What’s this? A brand still thriving and built upon the prom and/or formalwear dynasty? Correct. But let’s go back to 2002. Let’s revisit 2003. And let’s talk about how Le Chateau offered an alternative to traditional prom wear by making short dresses and print dresses a bankable thing. In grade 12 and super-12 I found myself clad in the clothes of the Chateau, having picked up one dress for a whopping $35 and eventually wearing it to Christmas parties and maybe a wedding to ensure I got my money’s worth. The other? I paid $125 for and wore to prom in grade 11 alongside a half-up/half-down hairstyle that absolutely made me look like I had a mullet. I regret nothing, except not keeping both pieces.
A mall staple. A place rich with coats and gowns. A store so important to mall culture that most of us have family members who worked there. And yet, while the store still stands, the splendor of its turn-of-the-century offerings remain unrivalled. Back then, upon entering, we were treated to an array of in-colours, of rhinestones, and of halter top necklines. Skirts were full, and tones were bold. And now? Well, now we’re all too old to go to prom without it being very, very weird. So we actually don’t know what prom dresses Fairweather has anymore. Which means that as far as I’m concerned, the dresses they boast are the exact same.
RIP you beautiful treasure. The rules of prom shopping at Jacob went as follows: if you did not care about going full-prom, you picked up a strapless knee-length dress and wore a wrap and/or scarf and you never thought twice about prom dress shopping again. Or, if you were me, you went in with the intention of achieving this, but left with a collection of knee-length sweaters and a pair of jeans that laced up like Christina Aguilera’s.
Only in Canada could a chain named Laura thrive (that wasn’t a chain connected to chocolate or ice cream or a great Canadian hero). But there it was, in all its glory, offering teens prom-appropriate options that parents approved of too. Did I go in here? No, because it had the reputation for being expensive and my parents weren’t about that life. But I did walk by it, and know a girl who wore a dress from here, and it was nice and the store was well lit, but it was also next to the American Eagle, so I’ll give you three guesses as to where I went instead.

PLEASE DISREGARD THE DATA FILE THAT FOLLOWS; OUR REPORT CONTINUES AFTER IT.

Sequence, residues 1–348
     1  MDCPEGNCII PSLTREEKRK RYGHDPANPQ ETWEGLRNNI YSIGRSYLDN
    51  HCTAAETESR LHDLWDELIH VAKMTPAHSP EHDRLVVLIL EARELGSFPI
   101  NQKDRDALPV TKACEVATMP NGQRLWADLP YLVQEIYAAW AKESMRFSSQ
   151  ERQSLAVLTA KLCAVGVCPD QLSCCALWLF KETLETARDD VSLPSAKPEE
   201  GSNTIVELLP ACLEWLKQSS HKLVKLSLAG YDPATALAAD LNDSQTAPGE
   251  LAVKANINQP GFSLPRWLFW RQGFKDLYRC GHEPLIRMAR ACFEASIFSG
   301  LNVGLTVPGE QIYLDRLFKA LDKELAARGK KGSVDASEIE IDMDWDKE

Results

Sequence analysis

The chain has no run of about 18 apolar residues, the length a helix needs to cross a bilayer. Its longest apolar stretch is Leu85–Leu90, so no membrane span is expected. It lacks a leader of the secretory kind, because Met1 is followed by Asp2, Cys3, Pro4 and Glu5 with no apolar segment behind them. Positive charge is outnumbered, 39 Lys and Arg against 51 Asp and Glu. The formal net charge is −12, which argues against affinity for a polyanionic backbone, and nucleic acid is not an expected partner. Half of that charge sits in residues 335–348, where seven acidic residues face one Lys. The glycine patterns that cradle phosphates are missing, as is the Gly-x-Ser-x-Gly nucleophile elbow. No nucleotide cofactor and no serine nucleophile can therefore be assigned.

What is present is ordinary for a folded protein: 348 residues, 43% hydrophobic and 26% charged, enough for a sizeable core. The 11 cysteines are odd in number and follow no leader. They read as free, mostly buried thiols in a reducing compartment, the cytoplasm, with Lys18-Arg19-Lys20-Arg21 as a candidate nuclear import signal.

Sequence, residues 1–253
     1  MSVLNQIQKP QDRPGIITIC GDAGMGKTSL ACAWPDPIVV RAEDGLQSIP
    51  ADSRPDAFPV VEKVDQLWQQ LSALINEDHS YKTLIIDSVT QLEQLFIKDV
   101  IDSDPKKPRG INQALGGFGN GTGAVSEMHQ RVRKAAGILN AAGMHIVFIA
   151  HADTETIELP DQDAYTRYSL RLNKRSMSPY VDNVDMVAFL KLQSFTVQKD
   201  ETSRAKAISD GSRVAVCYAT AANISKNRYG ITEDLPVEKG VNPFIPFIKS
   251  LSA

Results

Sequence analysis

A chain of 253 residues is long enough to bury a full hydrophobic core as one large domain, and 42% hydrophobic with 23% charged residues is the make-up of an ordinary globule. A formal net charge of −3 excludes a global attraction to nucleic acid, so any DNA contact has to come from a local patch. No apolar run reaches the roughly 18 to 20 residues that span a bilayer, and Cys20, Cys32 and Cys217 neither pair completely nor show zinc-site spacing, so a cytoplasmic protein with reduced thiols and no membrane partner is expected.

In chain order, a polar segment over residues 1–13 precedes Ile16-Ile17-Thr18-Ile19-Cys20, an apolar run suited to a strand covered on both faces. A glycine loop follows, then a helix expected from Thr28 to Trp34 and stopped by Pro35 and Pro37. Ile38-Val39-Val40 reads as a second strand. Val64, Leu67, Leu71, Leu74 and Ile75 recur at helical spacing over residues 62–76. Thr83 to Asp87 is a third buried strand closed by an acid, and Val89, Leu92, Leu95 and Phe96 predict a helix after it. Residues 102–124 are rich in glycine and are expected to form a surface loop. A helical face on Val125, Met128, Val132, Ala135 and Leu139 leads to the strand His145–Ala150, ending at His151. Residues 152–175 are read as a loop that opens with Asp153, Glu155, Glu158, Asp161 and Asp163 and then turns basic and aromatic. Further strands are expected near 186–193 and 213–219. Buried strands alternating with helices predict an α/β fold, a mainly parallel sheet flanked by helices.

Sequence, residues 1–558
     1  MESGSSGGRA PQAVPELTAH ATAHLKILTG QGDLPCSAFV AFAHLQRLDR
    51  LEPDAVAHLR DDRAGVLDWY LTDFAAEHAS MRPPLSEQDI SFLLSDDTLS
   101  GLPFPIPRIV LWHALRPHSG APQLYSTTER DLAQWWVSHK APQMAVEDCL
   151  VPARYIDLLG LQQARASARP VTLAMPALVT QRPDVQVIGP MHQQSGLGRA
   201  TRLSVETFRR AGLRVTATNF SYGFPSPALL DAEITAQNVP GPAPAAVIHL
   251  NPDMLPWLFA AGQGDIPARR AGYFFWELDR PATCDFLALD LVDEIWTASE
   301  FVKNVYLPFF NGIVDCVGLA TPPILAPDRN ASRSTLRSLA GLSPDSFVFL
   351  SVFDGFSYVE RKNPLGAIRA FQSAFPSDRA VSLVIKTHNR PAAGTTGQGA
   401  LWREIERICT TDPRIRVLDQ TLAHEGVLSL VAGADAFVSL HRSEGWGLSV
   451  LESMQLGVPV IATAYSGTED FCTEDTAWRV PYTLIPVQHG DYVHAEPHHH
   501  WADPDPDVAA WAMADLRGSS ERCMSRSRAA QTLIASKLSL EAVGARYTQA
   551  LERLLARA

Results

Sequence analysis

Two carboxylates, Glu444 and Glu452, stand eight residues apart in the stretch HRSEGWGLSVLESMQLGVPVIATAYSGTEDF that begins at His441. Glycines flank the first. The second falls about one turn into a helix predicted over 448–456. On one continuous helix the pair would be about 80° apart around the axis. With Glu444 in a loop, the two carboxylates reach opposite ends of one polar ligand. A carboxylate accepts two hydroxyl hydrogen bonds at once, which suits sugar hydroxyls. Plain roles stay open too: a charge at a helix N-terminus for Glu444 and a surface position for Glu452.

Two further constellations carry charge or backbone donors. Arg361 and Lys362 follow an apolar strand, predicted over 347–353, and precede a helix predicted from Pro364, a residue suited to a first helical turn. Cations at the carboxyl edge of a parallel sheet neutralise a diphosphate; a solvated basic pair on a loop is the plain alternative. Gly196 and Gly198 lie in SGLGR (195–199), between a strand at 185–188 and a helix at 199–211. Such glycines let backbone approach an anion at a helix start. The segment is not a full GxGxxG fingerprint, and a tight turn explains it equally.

8. Melanie Lyne
This store was for grown-ups. This is still a store for grown-ups. If you wanted to go to prom looking like a grown-up, you bought your dress at Melanie Lyne (the most grown-up sounding name of all).
Let’s cut to the chase: if you were rich or you were cool, you got your prom dress from dELiA’s because some of our parents (hi) were not going to pay those shipping fees for something you couldn’t even try on and only looked at via catalogue. So, did you have a hip family? Did they drive to Buffalo a bunch? Did they vacation in Florida? Did they have a lot of money in general? Congratulations: you got your prom and/or grad dress at dELiA’s and all of us were very jealous of you, and maybe still creep you on Facebook as adults now.
File under: "Mom can I buy this?" and her saying "Nope!" (But whatever: you got the last laugh when you bought those pleather pants you wore all summer. Take that, authority.)